Zero hours contracts are back in the news again today. Ed Miliband will make a speech this afternoon setting out how Labour plans to tackle what is perceived by many to be a growing problem.
Over the last twelve months, zero hours contracts have become something of a “bogeyman” in the press, ranking alongside pay day loans as one of the scourges on society, blamed for everything that is wrong in the world of work today. All the main political parties agree that the use of these contracts should be reviewed, but they are all reluctant to commit to specific action. Until now.
The problem is that, although most people accept that there are many ways in which zero hours contracts can be misused, for example, by insisting that workers cannot work for any other employer, or cancelling shifts at short notice, some businesses believe that, used properly, they are a genuine flexible resource to enable employers to manage their work as and when required.
These differing views are clearly summed up in some of the comments quoted in the news reports today. Chukka Umunna, the Shadow Business Secretary states that Labour will tackle these “exploitative” contracts, saying “one man’s flexibility is another’s insecurity”. However, the Institute of Directors believe that “zero-hours contracts are one small part of a much broader flexible labour market” and that this flexibility is necessary to enable the economy to recover.
So what does Labour propose to do?
The proposals set out three main protections for workers:
• Giving workers the right to demand a fixed-hours contract when they’ve worked regular hours over six months for the same employer.
• Requiring employers to give workers a fixed-hours contract automatically when they’ve worked regular hours for more than a year – unless they chose to opt out.
• Providing protection for workers to stop employers forcing them to be available all hours and insisting they can’t work for others or cancelling shifts at short notice by providing compensation.
Unfortunately for Ed Miliband, from a purely political viewpoint, these proposals probably fall between two stools. Some Labour supporters will say that 12 months is too long to have to live with such conditions; the opposing view is that these proposals will limit employers’ freedom and increase fixed overheads, thereby slowing the economy again.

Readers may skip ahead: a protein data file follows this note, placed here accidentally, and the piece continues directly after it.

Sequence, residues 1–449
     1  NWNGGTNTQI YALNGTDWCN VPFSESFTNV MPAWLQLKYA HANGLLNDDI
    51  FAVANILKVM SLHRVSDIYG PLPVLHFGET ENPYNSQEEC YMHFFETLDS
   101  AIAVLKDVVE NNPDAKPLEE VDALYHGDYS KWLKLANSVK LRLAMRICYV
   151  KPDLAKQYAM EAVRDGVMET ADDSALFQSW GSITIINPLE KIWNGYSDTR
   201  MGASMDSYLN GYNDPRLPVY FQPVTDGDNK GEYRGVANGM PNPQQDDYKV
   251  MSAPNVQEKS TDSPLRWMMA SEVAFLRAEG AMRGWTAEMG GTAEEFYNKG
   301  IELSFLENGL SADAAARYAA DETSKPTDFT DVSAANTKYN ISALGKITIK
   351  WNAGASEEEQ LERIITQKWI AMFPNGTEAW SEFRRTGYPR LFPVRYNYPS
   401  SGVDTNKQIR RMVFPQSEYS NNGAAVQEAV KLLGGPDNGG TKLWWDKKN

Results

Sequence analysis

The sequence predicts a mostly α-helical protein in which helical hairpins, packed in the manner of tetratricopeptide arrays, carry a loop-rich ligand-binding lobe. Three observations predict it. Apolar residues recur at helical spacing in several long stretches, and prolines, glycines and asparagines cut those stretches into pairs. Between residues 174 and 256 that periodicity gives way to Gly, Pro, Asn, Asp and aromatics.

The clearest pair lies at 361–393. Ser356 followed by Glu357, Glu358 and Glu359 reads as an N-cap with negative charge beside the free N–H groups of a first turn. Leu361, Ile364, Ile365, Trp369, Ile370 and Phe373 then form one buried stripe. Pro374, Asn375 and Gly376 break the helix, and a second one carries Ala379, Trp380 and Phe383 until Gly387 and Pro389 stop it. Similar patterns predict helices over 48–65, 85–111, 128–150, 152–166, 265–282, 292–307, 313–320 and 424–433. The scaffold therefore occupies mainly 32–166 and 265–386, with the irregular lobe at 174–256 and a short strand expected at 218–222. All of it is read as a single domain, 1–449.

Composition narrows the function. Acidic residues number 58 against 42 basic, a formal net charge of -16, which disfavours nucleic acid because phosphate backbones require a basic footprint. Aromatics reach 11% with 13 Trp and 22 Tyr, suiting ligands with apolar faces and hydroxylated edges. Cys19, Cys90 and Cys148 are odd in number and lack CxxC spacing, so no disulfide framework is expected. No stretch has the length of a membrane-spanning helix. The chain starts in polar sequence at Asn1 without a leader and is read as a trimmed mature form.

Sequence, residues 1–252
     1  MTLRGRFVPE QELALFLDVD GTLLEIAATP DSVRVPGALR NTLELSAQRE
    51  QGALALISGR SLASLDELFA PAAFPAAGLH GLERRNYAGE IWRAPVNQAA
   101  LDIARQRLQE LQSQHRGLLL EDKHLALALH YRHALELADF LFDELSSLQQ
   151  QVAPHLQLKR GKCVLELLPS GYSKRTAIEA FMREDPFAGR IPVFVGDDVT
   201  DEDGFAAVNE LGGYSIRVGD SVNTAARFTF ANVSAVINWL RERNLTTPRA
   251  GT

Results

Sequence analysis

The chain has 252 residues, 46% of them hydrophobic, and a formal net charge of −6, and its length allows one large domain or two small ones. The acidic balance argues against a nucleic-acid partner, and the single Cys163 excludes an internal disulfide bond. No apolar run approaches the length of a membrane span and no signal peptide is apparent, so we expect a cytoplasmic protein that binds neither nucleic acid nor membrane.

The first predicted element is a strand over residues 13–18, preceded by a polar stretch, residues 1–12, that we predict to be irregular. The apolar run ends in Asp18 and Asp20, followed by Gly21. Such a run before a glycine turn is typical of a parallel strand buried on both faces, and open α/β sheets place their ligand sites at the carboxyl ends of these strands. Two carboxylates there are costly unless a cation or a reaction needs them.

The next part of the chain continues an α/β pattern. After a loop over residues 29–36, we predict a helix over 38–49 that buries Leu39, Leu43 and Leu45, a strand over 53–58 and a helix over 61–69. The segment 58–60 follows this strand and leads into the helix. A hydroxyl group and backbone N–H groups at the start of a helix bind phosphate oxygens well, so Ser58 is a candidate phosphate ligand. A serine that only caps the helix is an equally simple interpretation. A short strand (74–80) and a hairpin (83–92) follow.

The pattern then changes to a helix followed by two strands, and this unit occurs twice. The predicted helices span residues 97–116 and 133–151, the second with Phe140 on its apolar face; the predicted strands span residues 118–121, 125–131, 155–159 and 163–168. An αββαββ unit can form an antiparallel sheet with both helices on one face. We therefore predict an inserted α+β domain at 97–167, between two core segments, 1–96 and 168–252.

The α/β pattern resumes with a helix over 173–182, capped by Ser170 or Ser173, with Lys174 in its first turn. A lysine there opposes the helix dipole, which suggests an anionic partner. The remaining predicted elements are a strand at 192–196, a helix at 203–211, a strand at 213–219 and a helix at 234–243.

Arguably, the proposals being put forward today are not far-reaching and do not deserve the furore that will no doubt be created in the press. If zero hours contracts are used properly, i.e. as a flexible resource from time to time, not to provide a regular, consistent workforce, then these protections will not be required and neither worker nor employer will suffer as a result. If, on the other hand, employers find that they are using workers for regular hours for six months or more, then this is clear evidence that what is required is not a flexible arrangement and in fact, a different sort of contract should be used.
It remains to be seen whether employers generally will agree with this view. Evidence suggests that the sectors which are most reliant on zero hours contracts include the Leisure Industry, Health, and Education sectors. If zero hours are going to be a primary battle ground for the political parties in the next general election, maybe now is the time for those sectors to get their houses in order to ensure that their contracts really do meet their requirements and zero hours contracts are not just a lazy way of avoiding addressing the real issues in the workforce.
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